Electrifying Art: Atsuko Tanaka, 1954–1968
Born in Osaka in 1932, Atsuko Tanaka is a pioneering figure in the postwar Japanese art scene and an early member of the Gutai group of avant-garde artists. Rejecting the realistic figuration promoted by the militarist wartime government, Tanaka and her fellow Gutai artists wholeheartedly embraced the notion of “newness.” Reinventing the rules of art, they staged exhibitions outside traditional spaces and created proto-Happening performance pieces.
The first solo museum exhibition of a Gutai artist in North America, Electrifying Art presents a selection of Tanaka’s early paintings and drawings. Also featured is her best known work, Electric Dress of 1956, a garment composed of multi-colored flashing light bulbs which she wore onstage, as well as an enormous red satin dress, with outstretched sleeves over thirty feet wide, that formed the background to another performance a year later. A prescient sound installation from 1955, Work(Bell), delineates architectural boundaries through a progression of ringing bells triggered by viewers.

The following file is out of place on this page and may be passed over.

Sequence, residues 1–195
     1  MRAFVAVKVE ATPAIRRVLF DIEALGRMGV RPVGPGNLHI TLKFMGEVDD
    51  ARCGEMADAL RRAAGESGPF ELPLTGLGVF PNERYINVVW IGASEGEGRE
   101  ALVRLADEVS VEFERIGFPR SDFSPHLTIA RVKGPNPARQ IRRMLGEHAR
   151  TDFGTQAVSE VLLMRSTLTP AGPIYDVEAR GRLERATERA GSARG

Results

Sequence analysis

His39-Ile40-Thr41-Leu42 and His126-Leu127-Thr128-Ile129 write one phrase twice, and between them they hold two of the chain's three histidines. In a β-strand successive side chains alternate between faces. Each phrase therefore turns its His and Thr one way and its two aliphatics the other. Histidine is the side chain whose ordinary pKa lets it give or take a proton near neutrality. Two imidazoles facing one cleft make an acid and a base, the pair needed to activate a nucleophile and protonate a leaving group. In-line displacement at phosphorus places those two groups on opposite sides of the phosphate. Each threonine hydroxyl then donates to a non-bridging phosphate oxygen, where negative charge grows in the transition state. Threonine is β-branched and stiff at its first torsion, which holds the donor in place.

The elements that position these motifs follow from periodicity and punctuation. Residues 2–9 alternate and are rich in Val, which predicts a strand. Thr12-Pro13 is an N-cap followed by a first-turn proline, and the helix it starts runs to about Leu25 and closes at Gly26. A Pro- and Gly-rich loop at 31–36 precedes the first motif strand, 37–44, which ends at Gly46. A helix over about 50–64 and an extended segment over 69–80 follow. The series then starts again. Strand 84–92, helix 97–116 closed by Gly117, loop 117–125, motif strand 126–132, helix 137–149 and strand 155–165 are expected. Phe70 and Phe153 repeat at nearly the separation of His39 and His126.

Many of Tanaka’s drawings relate to her innovative performances and installations. A series of drawings completed after Electric Dress are visual mediations on that work’s tangle of colored lights and electric cables. Her subsequent paintings all employ what has become her signature vocabulary of circles and lines, executed in the bright colors and enamel paints of commercial signage. In her riveting works, Tanaka explores issues that came to dominate Western art in the 1960s: the expressive limits of the body, the use of technology, and the notion of interactivity. Along with her Gutai companions, she radically extended not only the possibilities for painting, but the very definition of art itself.